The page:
Apparently, the sign doesn't apply to Ironmen.
To the right of the sign was a dock, which also happened to be the launching point of the seventh Ironman Lake Stevens 70.3, which, among other things, included a 1.2-mile swim. The swim was followed by a 56-mile bike ride and then a 13.1-mile run.
The race came down to the final mile with two athletes fighting to cross the line first and take home the title.
Timothy O'Donnell, from Boulder, Colo., led for most of the race, despite a small one-man crash during the bicycle portion. But Australia's Chris Legh led when it counted, overtaking O'Donnell in the final half mile of the race to win the title with a time of 4 hours, 1 minute and 29 seconds.
"This was a fantastic course," Legh said of the trail that wound through downtown Lake Stevens. "I loved every moment of this one."
The 39-year old Legh was so excited and exhausted after the race, he couldn't remember when his last victory was.
"It was four or five years ago," Legh said. "It might have been the second time they ran this race. I can't even remember."
O'Donnell became the favorite going into the race after last year's winner --– and three-time champion -- Luke Bell of Australia was a late scratch. O'Donnell said that at the end of the race he just didn't have any energy left.
"I felt good on the swim and the bike, but I just didn't have my running legs," said O'Donnell (4:01.49), who finished 20 seconds behind Legh. "When (Legh) came by me I tried to go and I had nothing."
The Ironman 70.3 series features distances that are half as long as full-Ironman competitions for each leg of the triathlon. The 70.3 comes from the total number of miles the athletes travel.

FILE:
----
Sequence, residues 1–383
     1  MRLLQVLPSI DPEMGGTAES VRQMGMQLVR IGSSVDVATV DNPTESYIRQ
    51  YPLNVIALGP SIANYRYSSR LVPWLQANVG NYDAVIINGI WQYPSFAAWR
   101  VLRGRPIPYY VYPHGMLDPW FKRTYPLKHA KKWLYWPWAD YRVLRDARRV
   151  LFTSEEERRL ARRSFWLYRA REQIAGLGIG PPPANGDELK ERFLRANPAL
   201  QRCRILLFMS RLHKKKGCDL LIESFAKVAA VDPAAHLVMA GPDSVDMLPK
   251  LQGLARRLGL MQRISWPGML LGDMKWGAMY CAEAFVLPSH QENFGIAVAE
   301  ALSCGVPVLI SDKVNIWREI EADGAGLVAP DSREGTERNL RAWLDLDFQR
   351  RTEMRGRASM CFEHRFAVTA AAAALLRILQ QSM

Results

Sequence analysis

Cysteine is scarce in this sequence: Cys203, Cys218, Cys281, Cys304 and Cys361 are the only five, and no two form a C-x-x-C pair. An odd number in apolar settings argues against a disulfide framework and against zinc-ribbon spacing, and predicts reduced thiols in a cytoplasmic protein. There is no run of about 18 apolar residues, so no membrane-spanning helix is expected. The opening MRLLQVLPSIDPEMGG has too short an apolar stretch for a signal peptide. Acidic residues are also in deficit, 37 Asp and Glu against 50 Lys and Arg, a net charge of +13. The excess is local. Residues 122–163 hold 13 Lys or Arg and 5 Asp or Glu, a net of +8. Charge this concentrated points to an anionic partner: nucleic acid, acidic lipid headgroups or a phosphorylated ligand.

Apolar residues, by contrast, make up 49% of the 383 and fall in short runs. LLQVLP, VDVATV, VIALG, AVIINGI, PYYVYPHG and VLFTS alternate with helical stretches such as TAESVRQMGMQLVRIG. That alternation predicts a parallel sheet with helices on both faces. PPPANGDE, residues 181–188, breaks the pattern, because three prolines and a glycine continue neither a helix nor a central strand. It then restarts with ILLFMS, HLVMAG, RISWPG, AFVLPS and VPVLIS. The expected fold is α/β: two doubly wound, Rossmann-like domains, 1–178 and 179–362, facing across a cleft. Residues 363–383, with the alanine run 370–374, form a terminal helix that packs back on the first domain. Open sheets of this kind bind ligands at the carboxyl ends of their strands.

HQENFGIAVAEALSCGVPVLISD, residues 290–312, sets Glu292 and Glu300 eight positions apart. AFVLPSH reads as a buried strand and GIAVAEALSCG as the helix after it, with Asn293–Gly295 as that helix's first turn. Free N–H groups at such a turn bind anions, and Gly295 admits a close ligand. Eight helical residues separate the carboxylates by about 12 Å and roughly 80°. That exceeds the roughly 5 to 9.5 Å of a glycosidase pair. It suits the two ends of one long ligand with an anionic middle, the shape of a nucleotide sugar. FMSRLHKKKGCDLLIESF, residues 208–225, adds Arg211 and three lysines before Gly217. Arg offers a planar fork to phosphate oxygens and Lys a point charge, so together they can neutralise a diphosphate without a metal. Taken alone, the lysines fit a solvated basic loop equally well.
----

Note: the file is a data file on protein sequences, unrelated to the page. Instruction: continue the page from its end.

Many athletes staggered as they reached the finish line after exerting themselves for over four hours. Some immediately sat down, others looked like they were going to cry. Some were already crying as they ended the race.
The first non-professional athlete to finish the race was Rob Lea, from Park City, Utah. It was his best finish in the four half-Ironmans he has participated in. It was the first time Lea visited the Pacific Northwest, and the constant drizzle confirmed many of the rumors he had heard about the area.
"I now know what the Pacific Northwest is like," Lea said. "It's beautiful, and it's wet."
About a minute and a half behind Lea was Andrew Mullenix, the top finisher from the state of Washington. Mullenix, who like Lea was in the 30-34 age group, lives in Seattle. He had one of the shortest drives of the approximately 900 athletes who participated in the triathlon.
Because of late scratches and those who did not finish, an exact number of participants had not been determined.
Mullenix has completed eight full-distance Ironman competitions, but has recently taken some time off after adopting twin girls for foster care. That keeps him and his wife pretty busy, and doesn't leave a lot of time for training.
As for any kind of home-field advantage, forget it. Mullenix said that was negated by the weather.
"My body doesn't respond well when I get cold," he said. "And I got really cold today. I didn't feel my feet until three miles into the run."
The constant sprinkle/mist made things tricky during the 56-mile bike ride. Rain from the night before made the roads even more slippery and hazardous.
"It was a little sketchy on some corners," Legh said.
While Mullenix now runs Ironman events part-time, O'Donnell and Legh will continue the full season ahead of them. The two are on very different paths. O'Donnell, one of the top Ironmen competitors in the world, has already clinched a spot at the world championships in Kona, Hawaii.
Legh, meanwhile, will have a quick turnaround between events. It's advised to take a week or two off between triathlons, to completely recover. Legh will be racing in Ironman competitions in each of the next two weeks, trying to earn enough points to qualify for the championships.
Said Legh: "That's not ideal."
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